The proposed study will assess the effects of in utero exposure to HIV and of malarial co-infection on children's neurobehavioral development across the first two years of life. The importance of this research is that there is a growing population of children who are exposed to maternal HIV in utero in the presence of other co-infections. However, we have limited knowledge of the consequences of that exposure for the early development of the children born to these women. The central hypothesis of this study is maternal HIV increases risks for birth of children with low birth weight (LBW). These risks are especially high in women who are co-infected with malaria and are mediated by pre-term birth, intrauterine growth retardation (IUGR) and placenta! abnormalities, including chorioamnionitis. LBW and placenta! abnormalities, in turn, lead to developmental delays and to a slowed rate of development across the first two years of life, even when controlling for vertical transmission of HIV. The study will also examine measures of the family environment as moderators of adverse developmental consequences of maternal HIV. Unique features of the study include the use of child assessments that have been standardized on the target population, examination of the independent and conjoint effects of maternal HIV and malaria co-infection, recruitment of local controls with social and economic backgrounds similar to those of the infected women, and the measurement of the pre-natal environment as a risk factor using placental histology. Women will be recruited early in their second semester from the antenatal clinics at two district hospitals in Coast Province, Kenya. They will be seen at regular intervals until delivery and they and their children then followed until the children are 24 months of age. The proposed project will be conducted by a multidisciplinary team from: Case Western Reserve University, Kenya Medical Research Institute, The Kenyan Ministry of Health, International Centre for Reproductive Health, and the African Mental Health Foundation/University of Nairobi. The project also provides the framework for a program of training in pediatric HIV research that will build the technical and research capacity of the collaborating Kenyan institutions.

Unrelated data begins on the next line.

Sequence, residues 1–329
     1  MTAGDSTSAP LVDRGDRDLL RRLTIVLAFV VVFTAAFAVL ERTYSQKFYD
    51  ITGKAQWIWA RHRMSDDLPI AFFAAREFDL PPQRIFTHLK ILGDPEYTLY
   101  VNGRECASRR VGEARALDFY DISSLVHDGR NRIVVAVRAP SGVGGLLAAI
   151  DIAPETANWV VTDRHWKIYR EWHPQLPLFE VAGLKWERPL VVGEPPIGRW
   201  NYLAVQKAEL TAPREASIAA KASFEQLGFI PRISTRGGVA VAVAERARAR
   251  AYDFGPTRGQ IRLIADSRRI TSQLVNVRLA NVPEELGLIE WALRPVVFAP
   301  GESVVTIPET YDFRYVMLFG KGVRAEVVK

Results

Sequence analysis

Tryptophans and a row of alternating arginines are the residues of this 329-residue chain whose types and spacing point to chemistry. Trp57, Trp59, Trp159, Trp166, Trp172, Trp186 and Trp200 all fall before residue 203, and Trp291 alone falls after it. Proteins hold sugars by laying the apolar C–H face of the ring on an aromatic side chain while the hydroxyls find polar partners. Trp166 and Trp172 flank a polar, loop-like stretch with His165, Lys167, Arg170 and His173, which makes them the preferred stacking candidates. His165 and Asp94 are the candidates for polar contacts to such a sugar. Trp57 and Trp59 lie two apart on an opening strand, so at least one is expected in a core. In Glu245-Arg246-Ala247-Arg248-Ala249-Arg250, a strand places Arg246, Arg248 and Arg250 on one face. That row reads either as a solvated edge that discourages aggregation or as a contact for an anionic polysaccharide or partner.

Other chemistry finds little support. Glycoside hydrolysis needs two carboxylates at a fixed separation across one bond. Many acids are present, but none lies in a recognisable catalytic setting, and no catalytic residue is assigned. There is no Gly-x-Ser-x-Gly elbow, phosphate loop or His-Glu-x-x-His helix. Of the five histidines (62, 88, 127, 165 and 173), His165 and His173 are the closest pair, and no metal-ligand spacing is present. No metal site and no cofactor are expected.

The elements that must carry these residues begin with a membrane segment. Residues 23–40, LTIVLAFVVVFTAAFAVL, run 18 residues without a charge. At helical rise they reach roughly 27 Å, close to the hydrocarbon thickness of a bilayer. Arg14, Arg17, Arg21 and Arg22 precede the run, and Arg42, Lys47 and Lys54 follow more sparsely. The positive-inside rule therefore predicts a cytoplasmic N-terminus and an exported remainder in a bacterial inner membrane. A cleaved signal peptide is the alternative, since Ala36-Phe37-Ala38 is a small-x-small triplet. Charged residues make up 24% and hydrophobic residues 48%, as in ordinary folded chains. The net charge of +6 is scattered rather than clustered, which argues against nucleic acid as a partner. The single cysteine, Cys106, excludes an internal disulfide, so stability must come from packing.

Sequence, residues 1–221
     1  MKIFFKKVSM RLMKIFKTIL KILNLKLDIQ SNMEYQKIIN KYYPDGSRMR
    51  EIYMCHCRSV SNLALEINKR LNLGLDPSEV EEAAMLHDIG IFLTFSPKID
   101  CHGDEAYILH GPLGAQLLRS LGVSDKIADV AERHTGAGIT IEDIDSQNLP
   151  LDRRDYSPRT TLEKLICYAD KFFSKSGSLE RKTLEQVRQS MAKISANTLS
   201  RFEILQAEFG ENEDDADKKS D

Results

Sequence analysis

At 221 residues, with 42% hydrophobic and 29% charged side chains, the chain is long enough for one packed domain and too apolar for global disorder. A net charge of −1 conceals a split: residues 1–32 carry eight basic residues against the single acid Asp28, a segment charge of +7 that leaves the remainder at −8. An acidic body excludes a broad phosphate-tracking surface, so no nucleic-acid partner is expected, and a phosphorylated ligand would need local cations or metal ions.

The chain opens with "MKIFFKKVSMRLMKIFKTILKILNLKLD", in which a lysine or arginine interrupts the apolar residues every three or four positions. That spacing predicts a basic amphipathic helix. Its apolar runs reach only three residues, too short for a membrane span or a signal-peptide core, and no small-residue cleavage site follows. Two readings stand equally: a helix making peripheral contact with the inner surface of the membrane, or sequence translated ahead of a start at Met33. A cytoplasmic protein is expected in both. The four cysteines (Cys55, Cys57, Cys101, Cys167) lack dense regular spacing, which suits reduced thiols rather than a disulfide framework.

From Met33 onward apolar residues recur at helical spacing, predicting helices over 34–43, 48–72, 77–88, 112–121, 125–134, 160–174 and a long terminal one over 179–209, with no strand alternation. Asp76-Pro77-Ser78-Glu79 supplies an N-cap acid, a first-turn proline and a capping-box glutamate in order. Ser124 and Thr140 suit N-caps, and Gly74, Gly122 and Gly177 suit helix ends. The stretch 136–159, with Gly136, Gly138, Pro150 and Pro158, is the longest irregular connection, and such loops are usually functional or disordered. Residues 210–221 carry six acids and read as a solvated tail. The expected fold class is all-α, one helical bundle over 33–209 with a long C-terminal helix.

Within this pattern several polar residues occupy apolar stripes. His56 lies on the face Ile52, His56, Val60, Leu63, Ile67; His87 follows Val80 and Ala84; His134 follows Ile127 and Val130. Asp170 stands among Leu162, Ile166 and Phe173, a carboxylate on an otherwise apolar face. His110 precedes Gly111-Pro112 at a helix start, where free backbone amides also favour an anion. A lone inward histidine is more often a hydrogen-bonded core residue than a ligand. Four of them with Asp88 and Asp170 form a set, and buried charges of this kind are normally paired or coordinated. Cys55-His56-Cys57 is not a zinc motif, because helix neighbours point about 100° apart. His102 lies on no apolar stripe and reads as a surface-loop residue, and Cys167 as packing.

|Kalayjian, Benjamin C; Malhotra, Indu; Mungai, Peter et al. (2013) Marked decline in malaria prevalence among pregnant women and their offspring from 1996 to 2010 on the south Kenyan Coast. Am J Trop Med Hyg 89:1129-34|
|Steiner, Kevin L; Malhotra, Indu; Mungai, Peter L et al. (2012) In utero activation of fetal memory T cells alters host regulatory gene expression and affects HIV susceptibility. Virology 425:23-30|
|Malhotra, Indu; Dent, Arlene; Mungai, Peter et al. (2009) Can prenatal malaria exposure produce an immune tolerant phenotype? A prospective birth cohort study in Kenya. PLoS Med 6:e1000116|